Interpreting the Rock Paintings of Abri Faravel: laser and white-light scanning at 2,133m in the southern French Alps

A visual summary

Abri Faravel (marked with arrow) is a rock shelter in the Southern French Alps, 2133m above sea level. It was discovered fortuitously in 2010 by a team of French and British archaeologists. (Photo: K. Walsh) Location of shelter
The rock shelter and surrounding area had seen phases of human activity from the Mesolithic to the medieval period. However traces of prehistoric rock paintings were also discovered, making them the highest painted representations of animals (quadrupeds) in Europe. (Photo: K. Walsh) View from shelter
Along with other marks, there appear to be two animal figures which have been interpreted as a deer facing a dog. A straight line, possibly an arrow or a spear, is painted in the back of the deer, evoking a hunting scene. (Image: C. Defrasne) The paintings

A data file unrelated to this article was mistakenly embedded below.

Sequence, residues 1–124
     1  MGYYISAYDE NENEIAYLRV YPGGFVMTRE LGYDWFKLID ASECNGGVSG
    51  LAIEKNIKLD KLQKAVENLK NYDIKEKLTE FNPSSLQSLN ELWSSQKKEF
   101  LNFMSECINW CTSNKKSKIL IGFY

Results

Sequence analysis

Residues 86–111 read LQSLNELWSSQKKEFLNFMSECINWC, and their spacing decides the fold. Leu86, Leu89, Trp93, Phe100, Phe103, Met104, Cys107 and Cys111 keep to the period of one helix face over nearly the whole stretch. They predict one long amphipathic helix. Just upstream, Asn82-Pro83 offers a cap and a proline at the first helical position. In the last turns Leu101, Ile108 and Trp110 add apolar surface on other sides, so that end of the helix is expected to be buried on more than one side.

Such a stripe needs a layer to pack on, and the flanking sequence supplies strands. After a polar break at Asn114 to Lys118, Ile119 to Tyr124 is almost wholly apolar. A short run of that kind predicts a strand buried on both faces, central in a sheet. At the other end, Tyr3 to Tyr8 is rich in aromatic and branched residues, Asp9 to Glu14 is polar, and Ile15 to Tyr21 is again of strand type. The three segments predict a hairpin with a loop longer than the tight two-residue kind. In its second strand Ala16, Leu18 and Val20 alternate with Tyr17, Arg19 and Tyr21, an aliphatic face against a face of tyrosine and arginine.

"We never expected to find prehistoric paintings in this exposed area that affords so few natural shelters. The scanning was logistically complex as our only source of electricity was car batteries, which, along with all of the scanning equipment, had to be carried up to the site." said Dr Kevin Walsh. It is quite probable that these scans are the highest undertaken in Europe. (Photo: K. Walsh) Scanning the shelter
Abri Faravel is a site that cannot be visited regularly owing to its location. The virtual model derived from the scans are part of this publication. With a computer game interface, you can also explore the landscape and the paintings of Abri Faravel. (Photo: Loïc Damelet, CNRS/Centre Camille Jullian; enhancement: C. Defrasne) View from shelter with paintings enhanced
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This article explores ways to develop communication of archaeology for differing audiences, one of the aims of the NEARCH project under the EU Culture programme.